Unconventional views that Tyler Cowen doesn't want to talk about

2/25/2015 08:49:00 AM
Tyler Cowen has a list of views he holds but thinks are too conventional to turn into full posts. And some of them are pretty conventional. Others, not so much. As a plea for him to further elaborate, here are the unconventional ones:

2b. Ok, some of what he said here was conventional. I just want to single out this: "it has served as an inefficient form of wealth insurance for some lower-income groups," as well as this "on net, the negative health consequences of the disemployment effects of the law could easily counterbalance the direct positive health care access effects." These aren't obviously unreasonable hypotheses, but far from conventional! They deserve blog posts, if not whole books, written about them. On the former, I've written before on why it's optimal to have health insurance as part of the social wealth-insurance bundle--does Cowen have a different view? And there's a lot packed into that second part: the health effects of disemployment are empirically inconsistent, especially when considering only the portion of the effect unrelated to changes in insurance coverage. Moreover, the relation of that literature to the ACA is somewhat mixed too: most employment effects of the ACA are either volunary (job lock) and not likely to have negative health effects, or on the intensive margin (the phase out of exchange subsidies and the 30-hour employer mandate) rather than extensive margin studied in those health effects studies. The fact that Cowen thinks these are conventional views makes me suspect that he gets all his health econ news from Casey Mulligan.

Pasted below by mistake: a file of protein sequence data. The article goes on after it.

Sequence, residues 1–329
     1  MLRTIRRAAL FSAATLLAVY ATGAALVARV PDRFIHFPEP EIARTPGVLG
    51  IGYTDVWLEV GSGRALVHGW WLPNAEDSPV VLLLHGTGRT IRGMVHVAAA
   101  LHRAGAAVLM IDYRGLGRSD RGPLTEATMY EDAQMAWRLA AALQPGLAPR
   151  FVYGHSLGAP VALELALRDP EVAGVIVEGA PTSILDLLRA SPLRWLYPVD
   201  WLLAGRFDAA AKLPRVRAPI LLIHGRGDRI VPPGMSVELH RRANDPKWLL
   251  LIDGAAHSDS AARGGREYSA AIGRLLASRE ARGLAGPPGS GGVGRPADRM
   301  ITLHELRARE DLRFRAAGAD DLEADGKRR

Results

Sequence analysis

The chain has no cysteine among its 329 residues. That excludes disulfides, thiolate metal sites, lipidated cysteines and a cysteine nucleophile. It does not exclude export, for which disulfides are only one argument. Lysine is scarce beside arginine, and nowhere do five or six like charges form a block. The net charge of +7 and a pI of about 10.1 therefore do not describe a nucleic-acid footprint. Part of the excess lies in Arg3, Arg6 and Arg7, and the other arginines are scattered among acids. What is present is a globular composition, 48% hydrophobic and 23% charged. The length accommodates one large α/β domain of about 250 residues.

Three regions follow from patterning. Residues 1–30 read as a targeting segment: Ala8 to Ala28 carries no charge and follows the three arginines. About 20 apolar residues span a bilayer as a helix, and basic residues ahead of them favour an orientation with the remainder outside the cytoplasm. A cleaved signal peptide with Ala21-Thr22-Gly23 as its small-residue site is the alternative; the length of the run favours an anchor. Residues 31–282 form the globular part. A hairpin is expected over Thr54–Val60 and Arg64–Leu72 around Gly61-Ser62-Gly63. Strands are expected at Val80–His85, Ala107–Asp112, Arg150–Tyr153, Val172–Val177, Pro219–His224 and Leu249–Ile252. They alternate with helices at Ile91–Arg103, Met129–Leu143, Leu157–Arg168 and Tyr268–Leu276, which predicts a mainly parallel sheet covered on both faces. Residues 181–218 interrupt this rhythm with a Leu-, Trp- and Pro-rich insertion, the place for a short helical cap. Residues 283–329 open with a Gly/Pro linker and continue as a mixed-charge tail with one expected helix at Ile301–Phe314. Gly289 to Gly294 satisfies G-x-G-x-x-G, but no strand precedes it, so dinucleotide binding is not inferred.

3. "The Supreme Court will rule against the current version of Obamacare and send the matter back to Congress." Is Cowen talking about King v Burwell? The conventional view on King and Halbig has always been that they are "reach" cases that have little chance of a favorable SCOTUS ruling. And it would be historically unconventional as well. Historically, SCOTUS has always liked creative arguments that rely on neither literal nor intentional arguments. Think about Bush v Gore, where a white man used a civil rights amendment to halt a legitimate vote count. That creative reinterpretation of the equal protection clause is the kind of reasoning the court likes. King v Burwell is the exact opposite: a case that depends on hair-splittingly literal textual interpretation that even Amelia Bedelia wouldn't buy. The court won't buy it either, because they don't want that standard as a precedent.

5. "But with nominal gdp well, well above its pre-crash peak, it is not demand-based “secular stagnation.” It just isn’t, I don’t know how else to put it. And the liquidity trap is still irrelevant and has been since about 2009." I think Cowen knows this is all highly unconventional--that's why he reiterated "it just isn't," as if already arguing with everyone about this.

8. "I am sticking with my recent Grexit prediction."